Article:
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Postoperative hypoparathyroidism after thyroidectomy: Efficient and cost-effective diagnosis and treatment

DOI: 10.1016/j.surg.2014.09.007
  • Medicine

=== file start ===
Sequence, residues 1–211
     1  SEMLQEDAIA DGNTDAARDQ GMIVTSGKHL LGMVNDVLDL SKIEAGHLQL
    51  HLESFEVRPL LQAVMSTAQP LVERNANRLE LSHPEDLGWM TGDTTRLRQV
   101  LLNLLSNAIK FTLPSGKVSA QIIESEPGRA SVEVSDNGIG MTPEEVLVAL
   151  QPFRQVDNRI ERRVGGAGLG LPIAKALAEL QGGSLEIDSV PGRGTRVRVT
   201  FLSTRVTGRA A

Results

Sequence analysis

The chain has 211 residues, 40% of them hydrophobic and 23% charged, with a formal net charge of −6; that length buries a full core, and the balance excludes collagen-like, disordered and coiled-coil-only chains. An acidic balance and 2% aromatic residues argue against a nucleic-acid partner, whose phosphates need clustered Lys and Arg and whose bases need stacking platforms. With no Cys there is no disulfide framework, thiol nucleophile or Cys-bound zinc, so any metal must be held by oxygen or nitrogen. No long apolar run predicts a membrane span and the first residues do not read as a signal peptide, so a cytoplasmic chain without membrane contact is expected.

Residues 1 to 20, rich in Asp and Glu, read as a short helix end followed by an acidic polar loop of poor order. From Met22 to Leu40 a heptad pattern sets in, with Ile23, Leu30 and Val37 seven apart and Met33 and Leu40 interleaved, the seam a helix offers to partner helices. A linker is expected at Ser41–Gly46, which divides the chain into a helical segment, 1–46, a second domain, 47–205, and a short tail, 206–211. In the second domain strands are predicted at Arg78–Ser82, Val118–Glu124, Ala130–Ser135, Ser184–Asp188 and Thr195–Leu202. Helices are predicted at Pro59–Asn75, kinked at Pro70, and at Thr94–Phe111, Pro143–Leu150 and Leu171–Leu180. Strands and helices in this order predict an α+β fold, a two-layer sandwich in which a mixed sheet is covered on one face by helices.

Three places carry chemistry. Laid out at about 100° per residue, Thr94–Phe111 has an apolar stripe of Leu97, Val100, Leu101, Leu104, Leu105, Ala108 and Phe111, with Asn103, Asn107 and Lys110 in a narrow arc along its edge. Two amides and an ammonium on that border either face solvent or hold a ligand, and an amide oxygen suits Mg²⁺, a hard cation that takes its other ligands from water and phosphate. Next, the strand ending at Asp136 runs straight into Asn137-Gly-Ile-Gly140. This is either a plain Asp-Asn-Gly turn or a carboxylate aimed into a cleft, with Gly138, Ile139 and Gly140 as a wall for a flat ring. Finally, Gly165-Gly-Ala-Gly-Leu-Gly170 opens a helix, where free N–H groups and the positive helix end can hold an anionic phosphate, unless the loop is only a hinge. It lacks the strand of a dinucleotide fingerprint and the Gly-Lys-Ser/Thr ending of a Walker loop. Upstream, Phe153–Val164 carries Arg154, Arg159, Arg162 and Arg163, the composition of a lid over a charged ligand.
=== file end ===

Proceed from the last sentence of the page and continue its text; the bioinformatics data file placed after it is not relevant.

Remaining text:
Background To describe a standardized, efficient, and cost-effective protocol for the diagnosis of temporary/persisting postoperative hypoparathyroidism after (total) thyroidectomy. Methods We included 237 consecutive patients who underwent (total) thyroidectomy without central neck dissection for various indications. Serum calcium (sCa) and intact parathyroid hormone (iPTH) levels were measured prospectively on the morning of postoperative day 1 to predict the long-term parathyroid metabolism. On the morning of postoperative day 2, measurements were repeated. Follow-up was performed at 1 and 6 months postoperatively. Results On the morning of postoperative day 1, patients with iPTH ≥ 15 pg/mL (178/237; 75%) and sCa > 2.0 mmol/L were normocalcemic, and “normal” parathyroid metabolism was predicted. iPTH levels of <10 pg/mL and sCa levels of ≤2.0 mmol/L were present in 33 of the 237 patients (“disturbed” parathyroid metabolism; 14%). A “gray zone” included patients with “uncertain” parathyroid metabolism demonstrating iPTH levels between 10 and 15 pg/mL (26/237; 11%). Patients with “disturbed” and “uncertain” parathyroid metabolism were given oral calcium and vitamin D. On the morning of the second postoperative day, iPTH turned to “normal” in 10 of those 26 (38%) patients, and no further calcium or vitamin D was given. During follow-up, supplemental calcium and vitamin D was able to be stopped in all but 2 patients (“permanent” hypoparathyroidism). Conclusion Measurement of iPTH on the morning after operation allows accurate prediction of postoperative parathyroid function in ≤99% of cases. This simple recommendation is practicable in all surgical units, and is an efficient and cost-effective way to recognize patients who require calcium and vitamin D supplementation.

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